‘Your no stranger here,’ I was told the very day that I arrived. A day later I was addressed as Joe and now I am nick-named Joe- bach.’’ These are Josef’s own words taken from his diary.
The people of Ystradgynlais had given this Polish Refugee Artist a home and a welcome that would stay with him for the rest of his life. He came for two weeks and stayed for eleven years, and produced in this time his iconic, bold and sculptural images of the miner.
Josef was born in 1911 and attended the Warsaw School of Art and Decoration, after eighteen months he left to work as a graphic artist. After one exhibition in Warsaw, he left to escape the Nazi Pogram which claimed the rest of his family in 1938 for Brussels, France and Glasgow in 1940. Persuaded by a friend he arrived in Ystradgynlais in 1944.
After gifting the Photographs of the friends of Dylan Thomas to the National Library and them purchasing the early portraits of Artists, I realised that Paul Joiner of the Art Department, had been to London to meet Josef and acquire for the Library a significant number of drawings of Welsh interest. Shortly after I visited and photographed Josef at his home in Edith Grove, Chelsea which he shared with his wife Nini a respected Psychotherapist who’s practice was in the adjoining house. They lived in a rather nice three storey house, designed for an artist, for if I remember it was here in Edith Grove where Ceri Richards lived.
Through the front door to the back of the house, to a room with space for a day bed, steep stairs with rope banisters like the set of HMS Pinafore leading to his studio. At the bottom a trimphone, telephone directories, books and diaries. I sat Josef here and took the first photograph. It was a large and well lit studio, on the right a small kitchen with Belson sink and kettle, and in front of me a large easel with an iconic painting of a working man almost, robotic back- lit against what must be the setting sun. You might say a scene from Ystradgynlais. Josef stood stoically in white artists coat, shirt and shoes. Every space of the wall was covered with African tribal art, masks and carved heads. The other main thing in the studio was a large, brown leather wing-backed armchair, We had been photographing for some time, so Josef, took a rest, and as I was setting up the camera I noticed his eyes close, the great artists was asleep.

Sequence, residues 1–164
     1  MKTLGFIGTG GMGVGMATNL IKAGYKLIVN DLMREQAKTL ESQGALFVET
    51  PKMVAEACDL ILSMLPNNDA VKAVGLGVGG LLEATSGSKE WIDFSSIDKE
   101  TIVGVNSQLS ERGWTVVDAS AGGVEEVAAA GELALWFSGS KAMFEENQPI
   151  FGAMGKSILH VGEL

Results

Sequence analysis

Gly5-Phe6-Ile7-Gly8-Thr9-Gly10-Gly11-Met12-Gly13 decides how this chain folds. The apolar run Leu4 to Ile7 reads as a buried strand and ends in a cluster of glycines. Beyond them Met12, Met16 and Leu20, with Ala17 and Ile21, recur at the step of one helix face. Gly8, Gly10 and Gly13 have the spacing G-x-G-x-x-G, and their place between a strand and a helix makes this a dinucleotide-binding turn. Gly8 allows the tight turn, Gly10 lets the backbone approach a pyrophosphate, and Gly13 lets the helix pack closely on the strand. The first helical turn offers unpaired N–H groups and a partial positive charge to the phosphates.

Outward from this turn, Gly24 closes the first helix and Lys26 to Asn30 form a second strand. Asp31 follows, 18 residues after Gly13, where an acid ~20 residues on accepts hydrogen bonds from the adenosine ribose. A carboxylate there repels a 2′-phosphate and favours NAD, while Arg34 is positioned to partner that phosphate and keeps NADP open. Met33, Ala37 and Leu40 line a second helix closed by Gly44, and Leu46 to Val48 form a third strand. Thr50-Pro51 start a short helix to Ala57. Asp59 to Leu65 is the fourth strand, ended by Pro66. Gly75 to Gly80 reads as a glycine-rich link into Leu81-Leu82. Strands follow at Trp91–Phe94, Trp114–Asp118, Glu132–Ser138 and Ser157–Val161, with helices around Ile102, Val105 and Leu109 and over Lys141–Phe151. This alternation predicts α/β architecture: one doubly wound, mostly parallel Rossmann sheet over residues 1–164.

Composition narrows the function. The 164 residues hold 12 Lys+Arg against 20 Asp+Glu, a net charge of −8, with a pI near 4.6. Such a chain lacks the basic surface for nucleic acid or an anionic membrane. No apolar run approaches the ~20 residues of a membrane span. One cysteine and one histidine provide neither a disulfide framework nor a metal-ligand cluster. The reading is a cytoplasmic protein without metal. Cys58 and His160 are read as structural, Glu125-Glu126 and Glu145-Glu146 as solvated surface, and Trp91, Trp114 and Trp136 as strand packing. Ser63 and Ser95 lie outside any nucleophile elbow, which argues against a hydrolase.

For me this was the picture, so content, and taken in black and white. We had coffee upstairs in the kitchen, surrounded still by his collection of tribal art, which is reflected in his own work.
The last picture of the day.
Kyffin Williams had his retrospective Exhibition at the at the National Library, he had mentioned that the Gregynog Gallery could do with a lick of paint, My exhibition of a hundred portraits of artists was to follow, your lucky he said,’’ you will have a nice newly painted gallery for your exhibition’’. The photograph of a sleeping Josef Herman was not going to be hung on the walls.
I had written an article for Planet, ‘ Artists in the Morning, Poets in the Afternoon’ ( Planet 128 Apri/May 1998) with the photograph of Josef sleeping across two page, so I opened the magazine and put it in a glass case that was in the centre of the gallery, and nothing was said.
After his death Josef aged 89 in 2000, he left his library to the National Library and I was invited to the Library for lunch with Nini Herman and David their son.
In 2007 an exhibition and auction was held at the Ystradgynlais Miners Welfare Hall to raise funds for the Josef Herman Educational Foundation for School children of the area to study art. I exhibited a selection of the photographs I had taken of Josef. Nini bought three, one for herself and one each for her children for Christmas, these are the best photographs that have been taken of him, she said.
Bernard Mitchell 2020.